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Terrace, British Columbia, Canada

Canyon City 1967
New Swinging Bridge Completed,
Base Station radio in the village
Now known as Gitwinksihlkw
Gitwinksihlkw is Nisga'a for “Place of the Lizards”.
The Oldest Nisga’a Community of Gitwinksihlkw was founded as a Methodist mission in 1877.
Gitwinksihlkw is on the north bank of the Nass River, and across from the Nisga'a Memorial Lava Bed Park.
Gitwinksihlkw is located 64 KM from the mouth of the Nass River.
Our mode of transportation, hauling large GE Base Station radios around, in these small Villages, was a wheelbarrow, borrowed from the Band Office.
Today Canyon City, Greenville and Kincolith all have road access.

Hartley Bay in 1967,
Base Station in use here, until Radio system and Switch installed in mid 1990’s
Hartley Bay / Gitga’ata part of the Tsimshian Nation
Latitude 53.42 degrees north, Longitude -129.26 degrees west

Hartley Bay is the only place I have come very close to dying at. On a trip into Harley Bay (my one and only!) Fraser Sutherland, Technician at that time, myself, and one other person, were flying in a single engine Otter. I was working for the Facility Department of BC Tel, at the time. We were landing in the bay, in the picture above, from left to right, or south to north.

The Pilot had radioed to the dock, letting any planes that were about to leave, know we were on approach. I had seen a plane at the dock, left side of this picture, when he made his fly by to check it out. I imagine he seen it too, thus the call was made. But I guess he got no answer. So anyway away we circled and made our landing.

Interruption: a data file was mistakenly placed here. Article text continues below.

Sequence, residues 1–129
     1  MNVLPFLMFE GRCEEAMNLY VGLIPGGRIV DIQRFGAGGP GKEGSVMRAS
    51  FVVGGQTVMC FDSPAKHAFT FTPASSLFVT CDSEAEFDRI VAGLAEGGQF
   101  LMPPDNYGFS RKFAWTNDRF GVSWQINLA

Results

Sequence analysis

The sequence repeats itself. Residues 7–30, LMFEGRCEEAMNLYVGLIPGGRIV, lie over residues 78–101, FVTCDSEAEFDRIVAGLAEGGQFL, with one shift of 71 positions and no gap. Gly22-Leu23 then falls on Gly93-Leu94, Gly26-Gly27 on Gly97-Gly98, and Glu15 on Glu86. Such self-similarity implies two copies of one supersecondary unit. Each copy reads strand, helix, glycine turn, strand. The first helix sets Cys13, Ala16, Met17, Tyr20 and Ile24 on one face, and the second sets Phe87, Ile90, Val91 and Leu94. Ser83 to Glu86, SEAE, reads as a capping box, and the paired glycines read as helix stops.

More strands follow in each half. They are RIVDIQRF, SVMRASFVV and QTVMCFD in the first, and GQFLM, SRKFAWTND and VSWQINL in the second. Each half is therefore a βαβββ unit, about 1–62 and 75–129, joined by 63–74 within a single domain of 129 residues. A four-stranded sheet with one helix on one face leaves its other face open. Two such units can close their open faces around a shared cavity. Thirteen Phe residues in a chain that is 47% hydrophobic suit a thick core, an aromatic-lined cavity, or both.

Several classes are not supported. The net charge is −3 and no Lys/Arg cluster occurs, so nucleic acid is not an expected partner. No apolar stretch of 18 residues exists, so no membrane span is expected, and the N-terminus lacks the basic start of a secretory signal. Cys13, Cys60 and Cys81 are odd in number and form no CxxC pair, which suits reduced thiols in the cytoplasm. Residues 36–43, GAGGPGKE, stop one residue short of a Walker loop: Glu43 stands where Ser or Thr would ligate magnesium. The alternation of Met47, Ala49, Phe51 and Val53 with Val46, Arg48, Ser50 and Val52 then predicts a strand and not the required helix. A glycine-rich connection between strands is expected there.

When landing on floats, the front of the plane is kept up in the air, to prevent the prop from hitting the water, and to allow the plane to settle onto the floats, before powering down. With the nose in the air, visibility out the front is very limited. and since the pilots sat in the front right seat, he couldn't see out of the left front of the plane. But thank God Fraser could. He was sitting in the front left seat, I was in the back left, behind him.

As we just touched down on the water, under full power, Fraser looked to his left, and here was the plane, that was at the dock, only a few meters away, also under full power, taking off from the dock area, heading straight for us. Fraser hollered at our pilot, and at the same time the other pilot must have spotted us in his path. Our pilot made a sharp right turn, and the other pilot a sharp left turn. That saved my life, and maybe Fraser's and all of us. I still remember the prop from the other plane going by my window, close enough that it was all a big blur!

It was a close call, and I remember our pilot getting on the radio and really giving the other fellow hell. To top it off, it was the same airline! Anyway it was a trip I will never forget!

Installing the VHF radio for the first Radio shot into Kitsault for the mine, before the Passives were built

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  • Last modified: 2018/01/12 11:50
  • by dlgent